Broker Check

Meritage Periodical - April 2022

Advisor Perspective

Prompting critical thinking and conversations around issues in our industry. Not intended as personal financial advice.

What should I do to fight inflation?

This question is on most of our minds right now, and a fear many of us have never faced. For about the last 30 years, we’ve enjoyed economic growth combined with very low rates of inflation. To have previously experienced a period of high inflation in your adult life, you would have to be about 60 years old. For some current context, the Consumer Price Index, which is used as a measure of inflation, was up +8.5% for the one-year period ending 3/31/2022. This is the largest 12-month advance since May 1981 (source: Bureau of Labor Statistics). That’s also more inflation than the United States experienced over the four years of 2017-2020 when the CPI advanced around +7.5% over the entire four years.

Our opinion is that the least complicated and most reliable way to fight inflation is to invest in the stocks of companies who are good at passing rising costs onto the consumer. If you own these companies, you can expect their earnings to grow and to offset inflation by either increased stock values or higher dividend payouts. Given much of the inflation we are all reading about has been in building supplies, we like using Home Depot (ticker: HD) as an example of an inflation-fighting stock. During the first quarter of 2022, Home Depot raised its dividend by 15%. Home Depot is just one example, but it is certainly not an anomaly. All the following companies also increased their dividends during the first quarter of 2022:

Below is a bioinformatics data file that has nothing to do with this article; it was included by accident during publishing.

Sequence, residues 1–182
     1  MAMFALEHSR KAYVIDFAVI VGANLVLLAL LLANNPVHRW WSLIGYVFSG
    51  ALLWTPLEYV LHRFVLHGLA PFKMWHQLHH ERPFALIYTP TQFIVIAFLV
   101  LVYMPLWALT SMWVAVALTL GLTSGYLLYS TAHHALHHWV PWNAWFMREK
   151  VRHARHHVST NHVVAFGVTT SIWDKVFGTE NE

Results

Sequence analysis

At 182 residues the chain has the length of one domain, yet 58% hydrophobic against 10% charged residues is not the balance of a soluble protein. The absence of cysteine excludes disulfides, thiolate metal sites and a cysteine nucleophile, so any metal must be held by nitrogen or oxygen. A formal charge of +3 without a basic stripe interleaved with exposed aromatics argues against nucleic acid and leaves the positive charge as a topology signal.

• Arthur J. Gallagher (ticker: AJG) raised its dividend by 6%

  • BlackRock (ticker: BLK) raised its dividend by 18%

  • Chevron (ticker: CVX) raised its dividend by 6%

  • NextEra Energy (ticker: NEE) raised its dividend by 10%

  • Prologis (ticker: PLD) raised its dividend by 25%

Notably, all the companies listed are in different industries. We make this point because we feel a diversified portfolio of dividend paying stocks is most effective in fighting inflation.

Shouldn’t I invest in commodities to hedge inflation?

As a starting point, we have always avoided commodity exposure in the portfolios of our clients who are looking for growth. We define “growth” as “becoming wealthier” which is only possible if your performance actually exceeds the rate of inflation. The basic problem with owning the commodity is you own the rate of inflation with no profit. If you own a share in the company selling the commodity, you own the rate of inflation plus a profit.